The Globe and Mail - Thursday November 6, 2003
McGuinty backpedals on vow
Premier forced to drop pledge to stop development at Oak Ridges
By RICHARD MACKIE
two-week-old Liberal government faced its first major public embarrassment
yesterday when Premier Dalton McGuinty was forced to drop a campaign
promise to block construction of homes on the environmentally
sensitive Oak Ridges Moraine.
McGuinty told reporters that the Liberal government had imposed
a freeze on development on the moraine until Nov. 20 while it
holds discussions with landowners on the future of the plans for
6,600 new homes.
trying to make the best of a bad situation. The developers have,
in fact, acquired some legally enforceable rights," he admitted.
an attack from the Earthroots environmental group and its director,
Josh Matlow, a former Liberal candidate. "The Liberals should
not make backroom deals like those they criticize the former Tory
government of making with developers."
of the developers' rights cited by Mr. McGuinty is not a new development.
An internal government document obtained by The Globe and Mail
shows that throughout several years of negotiations to protect
key parts of the moraine from development, the land in question
was not included in the areas to be sheltered.
. . . lands were entirely designated as 'settlement' recognizing
the 'urban' designation of the lands," according to the five-page
review of the moraine protection process prepared earlier this
year by the Ministry of Municipal Affairs and Housing.
acceptance of plans to build homes on these lands -- known as
the OPA 138 lands stating the number of the relevant Richmond
Hill Official Plan Amendment -- had been a part of negotiations
with developers, municipal officials and environmental interests
since the mid-1990s, the review says.
When the moraine
legislation was introduced on Nov. 1, 2001, three government news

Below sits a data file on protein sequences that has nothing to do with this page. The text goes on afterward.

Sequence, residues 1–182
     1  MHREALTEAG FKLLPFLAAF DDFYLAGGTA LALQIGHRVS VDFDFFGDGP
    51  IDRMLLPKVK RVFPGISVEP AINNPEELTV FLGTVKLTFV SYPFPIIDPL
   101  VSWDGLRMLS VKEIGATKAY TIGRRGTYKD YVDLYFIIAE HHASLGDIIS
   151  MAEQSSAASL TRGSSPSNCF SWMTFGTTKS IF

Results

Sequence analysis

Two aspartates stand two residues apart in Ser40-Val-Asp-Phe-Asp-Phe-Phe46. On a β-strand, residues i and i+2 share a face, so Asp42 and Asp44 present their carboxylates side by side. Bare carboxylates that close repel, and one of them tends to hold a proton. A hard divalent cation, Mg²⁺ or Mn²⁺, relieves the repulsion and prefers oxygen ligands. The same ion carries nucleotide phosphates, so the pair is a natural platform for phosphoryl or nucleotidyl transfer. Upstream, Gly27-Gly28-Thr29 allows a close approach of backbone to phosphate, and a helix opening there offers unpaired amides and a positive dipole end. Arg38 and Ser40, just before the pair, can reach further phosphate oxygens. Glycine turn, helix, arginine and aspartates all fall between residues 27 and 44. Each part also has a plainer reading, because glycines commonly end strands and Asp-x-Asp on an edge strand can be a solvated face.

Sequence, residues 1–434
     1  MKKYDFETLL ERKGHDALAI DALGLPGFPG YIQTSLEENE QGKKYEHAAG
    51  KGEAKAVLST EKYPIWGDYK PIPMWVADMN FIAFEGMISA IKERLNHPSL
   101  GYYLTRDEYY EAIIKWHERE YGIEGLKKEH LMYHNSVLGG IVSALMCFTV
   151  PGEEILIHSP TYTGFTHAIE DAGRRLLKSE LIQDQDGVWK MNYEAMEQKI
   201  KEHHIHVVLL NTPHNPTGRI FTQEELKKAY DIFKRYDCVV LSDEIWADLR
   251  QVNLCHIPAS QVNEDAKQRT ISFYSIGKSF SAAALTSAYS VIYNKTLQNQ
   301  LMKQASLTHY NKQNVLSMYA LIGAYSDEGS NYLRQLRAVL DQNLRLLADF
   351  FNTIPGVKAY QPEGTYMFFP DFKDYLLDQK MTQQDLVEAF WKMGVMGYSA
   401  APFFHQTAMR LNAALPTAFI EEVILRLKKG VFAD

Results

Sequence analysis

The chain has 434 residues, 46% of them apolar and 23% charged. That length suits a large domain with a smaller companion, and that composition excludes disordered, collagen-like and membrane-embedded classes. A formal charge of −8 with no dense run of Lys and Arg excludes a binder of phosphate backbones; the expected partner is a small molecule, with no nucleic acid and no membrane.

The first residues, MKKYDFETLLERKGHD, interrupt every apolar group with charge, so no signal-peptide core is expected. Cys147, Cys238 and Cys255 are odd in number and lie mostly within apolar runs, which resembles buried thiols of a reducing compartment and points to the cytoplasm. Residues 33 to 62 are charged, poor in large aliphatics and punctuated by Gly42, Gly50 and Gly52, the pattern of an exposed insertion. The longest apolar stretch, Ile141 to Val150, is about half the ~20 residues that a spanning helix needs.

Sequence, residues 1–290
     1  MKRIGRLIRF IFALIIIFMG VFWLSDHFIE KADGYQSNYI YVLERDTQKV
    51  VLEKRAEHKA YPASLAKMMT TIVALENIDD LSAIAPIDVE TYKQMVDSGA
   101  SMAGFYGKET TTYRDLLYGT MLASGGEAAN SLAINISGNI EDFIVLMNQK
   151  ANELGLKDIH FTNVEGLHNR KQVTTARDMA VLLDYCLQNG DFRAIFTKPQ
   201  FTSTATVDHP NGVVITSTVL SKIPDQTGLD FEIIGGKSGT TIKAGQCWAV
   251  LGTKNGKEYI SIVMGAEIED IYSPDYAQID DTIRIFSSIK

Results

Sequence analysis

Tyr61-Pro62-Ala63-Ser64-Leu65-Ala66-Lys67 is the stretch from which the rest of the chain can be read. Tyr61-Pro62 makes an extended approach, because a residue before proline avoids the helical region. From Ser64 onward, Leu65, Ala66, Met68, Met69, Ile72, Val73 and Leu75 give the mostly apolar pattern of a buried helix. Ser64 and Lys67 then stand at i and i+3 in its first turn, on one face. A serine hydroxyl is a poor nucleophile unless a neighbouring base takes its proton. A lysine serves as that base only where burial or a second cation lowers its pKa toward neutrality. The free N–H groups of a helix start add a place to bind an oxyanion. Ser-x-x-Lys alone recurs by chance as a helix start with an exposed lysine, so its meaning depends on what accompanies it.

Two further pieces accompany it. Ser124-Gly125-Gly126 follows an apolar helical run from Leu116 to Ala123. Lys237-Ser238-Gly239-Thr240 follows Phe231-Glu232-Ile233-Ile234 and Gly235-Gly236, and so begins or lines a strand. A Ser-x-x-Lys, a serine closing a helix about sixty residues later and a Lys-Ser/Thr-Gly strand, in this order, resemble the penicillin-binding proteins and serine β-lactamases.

releases stated the land targeted by developers, about 8 per cent
of the whole moraine, would be considered "settlement areas"
where new homes could be constructed.
the Oak Ridges Protection Act, excluded most of the 190,000-hectare
moraine north of Toronto from urban development. Also on Nov.
1, 2001, the government published a draft of the Oak Ridges Moraine
Conservation Plan. It stated:
purpose of settlement areas, which cover 8 per cent of the Oak
Ridges Moraine, is to focus and contain urban growth and to minimize
the encroachment and impact of development on ecological and hydrological
functions and hydrological features."
clear exclusion of a parcel of land, Mr. McGuinty and the Liberals
insisted in their election platform that plans to build 6,600
homes on this land had been "secretly approved" by the
Progressive Conservative government.
stop their construction," the campaign platform pledged.
election, Mr. McGuinty went further in his comments to reporters.
out a very clear signal, it's been out there for a very long time
now: We're committed to putting genuine protections to the Oak
Ridges Moraine, and we've said we're not gong to allow the construction
of those 6,600 homes," he said on Oct. 16, two weeks after
he blamed the past government for his plight. "The Tories
entered into a bad deal. Bad for the moraine. It's bad for the
environment. It's bad for the people of Ontario. We're trying
to make the very best of a bad situation."
But the Earthroots
group and Mr. Matlow did not accept the reversal in the Liberals'
Liberal government's 'temporary freeze' on the construction of
homes on Oak Ridges Moraine lands in Richmond Hill will allow
developers to continue clearing land, selling homes and possibly
build the infrastructure needed for future development,"
the man chosen by the Liberal Party to run against former premier
Ernie Eves when he re-entered the legislature in May, 2002, challenged
his former leader on the moraine issue.
McGuinty promised a year and a half ago, during the provincial
election, and after the Liberal victory, that he would stop the
construction of the 6,600 homes in Richmond Hill. The Premier
must now show Ontarians that it is his government that is in charge
of Ontario, not the developers."
contended that in backing off his promise, Mr. McGuinty "is
searching for a compromise resolution with both developers and
some environmental organizations that would see some of the 6,600
houses built on the ecologically sensitive moraine."